1. Students use Internet search engines and Web analysis checklists to evaluate online resources then write annotations that explain how and why the resources will be valuable to the class.
  2. This makes it easier to go back and recheck or get additional information. The research paper scaffold is designed to be completed during seven or eight sessions over the course of four to six weeks.
  3. Inquiry on the Internet. Entire rough draft due Peer edit Final due on Day 25 Day 22.
  4. Direct Citation of Sources.

Always identify the source of the information and page number at the top of your note card or paper- use the code for each source if possible. Be sure to include the page number s where you located the information. This makes it easier to go back and recheck or get additional information. Only write on one side of the note card or paper. This will help when it comes time to organize and write your outline. Only write a small amount of information on each card. Keep your notes concise and to the point.

Use your own words.

  • Print versions are sometimes dated;
  • Even so, I still referenced the Purdue OWL site for certain things, mostly pertaining to online sources, since there was no such thing when I was in grad school;
  • Remind students that they do not need to correct grammar, punctuation, or spelling during this phase of the writing process;
  • This makes it easier to go back and recheck or get additional information;
  • An instructional scaffold is useful for expository writing because of its basis in problem solving, ownership, appropriateness, support, collaboration, and internalization.

It's illegal to plagiarize. If you must use the author's words, limit the number of direct quotations you use. You don't want to waste time later trying to decipher your own scribbles. Don't take notes on information that doesn't pertain to your topic. It's easy to get carried away and end up with lots of information you can't use. Once students have completed the research process and taken their notes, spend some time teaching them how to sort and categorize their notes.

Begin by having them all their note cards into separate piles or topic stacks. Ask them to assign each pile a name or topic Have students read through the information contained on each card in each pile.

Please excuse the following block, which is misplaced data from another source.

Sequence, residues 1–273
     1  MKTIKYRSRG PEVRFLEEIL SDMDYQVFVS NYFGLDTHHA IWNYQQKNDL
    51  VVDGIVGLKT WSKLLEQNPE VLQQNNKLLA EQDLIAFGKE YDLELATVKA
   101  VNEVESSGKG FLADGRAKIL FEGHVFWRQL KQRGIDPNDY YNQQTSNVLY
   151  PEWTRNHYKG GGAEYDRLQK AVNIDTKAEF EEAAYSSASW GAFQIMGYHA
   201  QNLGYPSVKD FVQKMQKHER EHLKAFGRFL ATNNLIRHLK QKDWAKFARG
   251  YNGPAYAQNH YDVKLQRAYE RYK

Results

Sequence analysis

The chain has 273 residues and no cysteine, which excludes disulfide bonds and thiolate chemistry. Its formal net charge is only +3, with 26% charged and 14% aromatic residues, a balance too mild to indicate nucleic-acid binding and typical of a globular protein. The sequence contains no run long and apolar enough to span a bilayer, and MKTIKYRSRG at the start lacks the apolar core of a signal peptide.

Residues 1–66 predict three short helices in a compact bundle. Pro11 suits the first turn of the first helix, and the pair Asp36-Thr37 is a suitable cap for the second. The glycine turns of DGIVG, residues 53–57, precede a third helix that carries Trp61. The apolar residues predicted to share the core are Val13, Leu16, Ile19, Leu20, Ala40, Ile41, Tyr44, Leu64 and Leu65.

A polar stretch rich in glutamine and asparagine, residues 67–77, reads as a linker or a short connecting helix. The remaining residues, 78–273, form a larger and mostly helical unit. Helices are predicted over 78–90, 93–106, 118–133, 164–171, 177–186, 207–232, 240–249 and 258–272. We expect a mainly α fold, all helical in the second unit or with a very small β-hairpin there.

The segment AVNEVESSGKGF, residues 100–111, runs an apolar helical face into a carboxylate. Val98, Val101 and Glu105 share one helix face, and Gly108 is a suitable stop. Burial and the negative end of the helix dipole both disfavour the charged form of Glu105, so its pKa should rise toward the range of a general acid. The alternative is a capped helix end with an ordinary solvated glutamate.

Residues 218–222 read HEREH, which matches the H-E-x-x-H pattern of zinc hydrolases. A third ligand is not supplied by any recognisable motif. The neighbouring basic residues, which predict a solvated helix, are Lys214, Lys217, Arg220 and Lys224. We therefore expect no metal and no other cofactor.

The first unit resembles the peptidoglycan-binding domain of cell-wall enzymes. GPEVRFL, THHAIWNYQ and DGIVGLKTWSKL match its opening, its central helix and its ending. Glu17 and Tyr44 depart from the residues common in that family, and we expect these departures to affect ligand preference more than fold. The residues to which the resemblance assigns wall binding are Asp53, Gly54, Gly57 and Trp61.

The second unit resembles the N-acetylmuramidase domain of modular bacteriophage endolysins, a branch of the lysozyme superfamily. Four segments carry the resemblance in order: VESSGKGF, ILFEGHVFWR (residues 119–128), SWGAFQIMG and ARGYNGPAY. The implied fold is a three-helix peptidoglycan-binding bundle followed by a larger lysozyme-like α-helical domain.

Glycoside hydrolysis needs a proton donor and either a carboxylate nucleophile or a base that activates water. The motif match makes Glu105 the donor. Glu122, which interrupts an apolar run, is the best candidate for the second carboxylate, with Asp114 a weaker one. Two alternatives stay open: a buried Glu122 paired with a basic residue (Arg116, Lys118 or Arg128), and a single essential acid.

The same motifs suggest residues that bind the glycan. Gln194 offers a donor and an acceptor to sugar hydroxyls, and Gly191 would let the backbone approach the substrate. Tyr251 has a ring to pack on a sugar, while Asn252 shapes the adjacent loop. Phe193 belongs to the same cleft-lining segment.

Once the cards have been organized, walk students through the creation of an outline. Explain the importance of an outline and its role in creating a paper that makes sense and flows from one point to another. What did they like? Were they comfortable with the process or uncomfortable? Did they learn anything new?

Middle School Research Writing and Practices

Did everyone get enough information? Next, send the students to their desks and have them read through their notes and review their outlines. This is a good time students to begin thinking about ways to open their reports. Once everyone has had time to review their notes and revisit their outline, it's time to start writing a first draft.

Allow students at least one class period and additional time at home to complete this part of the process. Also, remind students that this is simply a time to get their thoughts on paper- get content down now, and go back later to make corrections. Click here to print the Drafting reproducible. Spend time discussing what actually happens during a revision. Remind students that they do not need to correct grammar, punctuation, or spelling during this phase of the writing process.

Have students check flow, content, and sentence structure by reading their paper out loud.

Scaffolding Methods for Research Paper Writing

At this point, you can also encourage a peer review. Click here to print the Peer Review Checklist. Click here to print and then distribute an Editing Checklist to each student. Reviewing 1-2 days The reports are almost ready for their debut. The reviewing process comes next.

This step is painful to some students, so be sure to offer a variety of options for review. You may wish to discuss ideas with students. Find creative ideas to publish students' writing on the Celebrate!